I had been traveling through Europe and had gone to visit a museum in Italy, apparently in Rome, which contained a large sculpture I had seen before and in which I was particularly interested. The first time I had seen the sculpture I hadn't been especially impressed by it, but after reflecting about it later, I had realized what a captivating piece of art it actually was. Now I found myself again in the spacious room where the piece was located.
The sculpture -- made from white marble -- sat in a recessed section in the floor. The bottom part of the work consisted of a large rectangular slab which measured approximately ten meters by five meters and stood about a meter high. On top of the slab were a variety of intricate carvings. Directly over top the slab about a half meter above it was another slab held in place by marble sculptures of men on the ends of the slab, who were holding the slab just by the tips of their fingers. On top of the second slab was a large marble sculpture which formed what could probably be called the central theme of the entire work.
That part of the sculpture wasn't entirely clear, but seemed to depict several people gathered together in a lump. The features of the people had been partially carved out and seemed in a way to be emerging from the marble.
I knew the entire work was dedicated to Julius Caesar and I thought it might be Caesar's tomb, but I wasn't entirely sure. I wondered whether the work had been done while Caesar had still been living or after he had died. I began thinking about the work and another sculpture I had seen of a famous person of antiquity and I wondered about the significance of men actually having sculptures made of themselves which then survived through history. It seemed to reveal a puzzling part of man's nature.
I wondered what it would have been like if the two slabs had been placed closer together so the carvings on top of the bottom slab couldn't be seen without crawling in between the two slabs. Would I get down and crawl there? I realized such thoughts were useless because the statue was carved the way it was and it couldn't be changed.
I was anxious to find some description of the work. I paced back and forth around it looking it over and looking for some plaque which would describe it. I remembered the last time having seen a long, gold, metal sign that identified the work, but I saw that it had been removed from the back of the statue. I was determined to find out more about the moving work and I directed my attention to a type of nearby concession stand.
I stepped up to the stand and immediately noticed lying on the glass cases which formed the counter of the concession stand about ten pictures which had been cut out in relief. I immediately remembered that I had actually been in the museum the night before and with someone who had been helping me, I had cut out the pictures to add to my collection ofcollage pictures. I apparently had forgotten and left them here. A man stepped up and, speaking to him in French, I immediately told him the pictures belonged to me and I began gathering them together. He seemed unconcerned and he helped me stack them up. Some were lying in front of a boy standing to my left and some were in front of the cash register. I put them all into a neat stack before me.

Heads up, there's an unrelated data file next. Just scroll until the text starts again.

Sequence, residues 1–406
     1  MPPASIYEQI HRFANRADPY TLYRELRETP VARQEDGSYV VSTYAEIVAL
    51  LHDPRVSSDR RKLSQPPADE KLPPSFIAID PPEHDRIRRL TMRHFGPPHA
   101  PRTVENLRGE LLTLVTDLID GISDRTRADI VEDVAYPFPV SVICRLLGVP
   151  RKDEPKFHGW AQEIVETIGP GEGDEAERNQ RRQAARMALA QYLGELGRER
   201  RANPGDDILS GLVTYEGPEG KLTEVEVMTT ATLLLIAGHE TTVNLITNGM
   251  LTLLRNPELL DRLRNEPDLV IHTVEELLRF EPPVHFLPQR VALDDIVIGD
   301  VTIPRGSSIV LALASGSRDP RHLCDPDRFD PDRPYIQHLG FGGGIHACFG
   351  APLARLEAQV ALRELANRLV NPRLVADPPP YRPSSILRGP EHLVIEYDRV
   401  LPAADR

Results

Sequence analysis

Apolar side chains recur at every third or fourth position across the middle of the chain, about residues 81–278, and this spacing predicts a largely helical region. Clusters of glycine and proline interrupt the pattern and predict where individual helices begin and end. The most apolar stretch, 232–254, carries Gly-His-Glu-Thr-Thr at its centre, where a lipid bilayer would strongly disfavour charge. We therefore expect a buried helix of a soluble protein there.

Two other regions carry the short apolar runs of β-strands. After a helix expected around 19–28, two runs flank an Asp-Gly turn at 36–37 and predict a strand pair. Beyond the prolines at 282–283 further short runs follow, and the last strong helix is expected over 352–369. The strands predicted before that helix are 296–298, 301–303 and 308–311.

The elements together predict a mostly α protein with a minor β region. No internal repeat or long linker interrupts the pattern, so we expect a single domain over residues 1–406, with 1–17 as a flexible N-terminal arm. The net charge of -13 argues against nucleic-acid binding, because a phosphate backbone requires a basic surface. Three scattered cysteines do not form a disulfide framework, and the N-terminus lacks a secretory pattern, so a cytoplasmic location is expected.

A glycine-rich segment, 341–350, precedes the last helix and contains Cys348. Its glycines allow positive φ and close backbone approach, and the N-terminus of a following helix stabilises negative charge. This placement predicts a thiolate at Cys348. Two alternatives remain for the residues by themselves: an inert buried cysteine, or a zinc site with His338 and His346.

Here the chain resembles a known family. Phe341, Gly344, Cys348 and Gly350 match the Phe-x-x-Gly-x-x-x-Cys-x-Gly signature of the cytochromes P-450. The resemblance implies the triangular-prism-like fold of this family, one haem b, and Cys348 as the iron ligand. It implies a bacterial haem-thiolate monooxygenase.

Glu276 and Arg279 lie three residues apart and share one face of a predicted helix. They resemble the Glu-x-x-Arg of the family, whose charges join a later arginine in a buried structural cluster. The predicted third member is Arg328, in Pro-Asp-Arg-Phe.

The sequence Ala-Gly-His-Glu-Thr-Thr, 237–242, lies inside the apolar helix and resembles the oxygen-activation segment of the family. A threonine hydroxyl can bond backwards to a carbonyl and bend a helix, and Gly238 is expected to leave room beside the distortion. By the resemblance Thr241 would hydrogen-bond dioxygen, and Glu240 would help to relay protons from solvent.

I them turned to the man and began speaking. I didn't know how to speak Italian but I thought he probably spoke English. However I decided to speak to him in French because I wanted to speak as much French as possible. Choosing my words I said, "Avez-vous quelque petit chose que describe ce sculpture?"
I wasn't entirely sure that "describer" was a French word; but I thought the man would understand. He replied to me in French that he did have something and he pulled out a small pamphlet which he handed to me. It looked like what I wanted and I asked him how much it was. He answered and I thought he said. "Dix dollars."
I repeated, "Dix dollars?"
Ten dollars seemed to me to be far too much for the tiny pamphlet and I wasn't sure I was willing to pay that. But he said, "Deux dollars."
That time I understood him. Two dollars I could afford. I reflected about how close the pronunciation was between "deux" and "dix" in French.
He also added that included in the price was a bag in which to carry the pamphlet and he pulled out a rather large, light brown leather or imitation leather bag. I thought I didn't really need it, but I might be able to find some use for it.
I opened my billfold, extracted two one dollar bills and handed them to the man. He told me he needed an additional 23 cents. I hadn't heard that at first, but I dug my hand into my pocket and I pulled out a handful of change, mostly pennies. I counted out two dimes and three pennies which I dropped into the man's outstretched hand. He already had some change in his hand and as he looked at the money I had handed him, he seemed uncertain whether I had given him the right amount. I thought I could have just given him a single dime and three pennies and he wouldn't have been able to tell the difference since my money had mixed so quickly with the money in his hand. But it would hardly be worth my time to try to cheat him like that.
Finally I opened the pamphlet, some pages of which were orange. I realized I hadn't specified that I wanted the pamphlet in French; but I saw that it didn't matter because the same thing was written inside in many different languages. I noticed some pages of Russian in the Cyrillic alphabet. I was a bit disappointed to see all the languages because I realized the same information was repeated many times in the pamphlet and therefore I hadn't received as much information as I had anticipated. The entire pamphlet was probably only 20 pages and probably only three of those pages would be in French.
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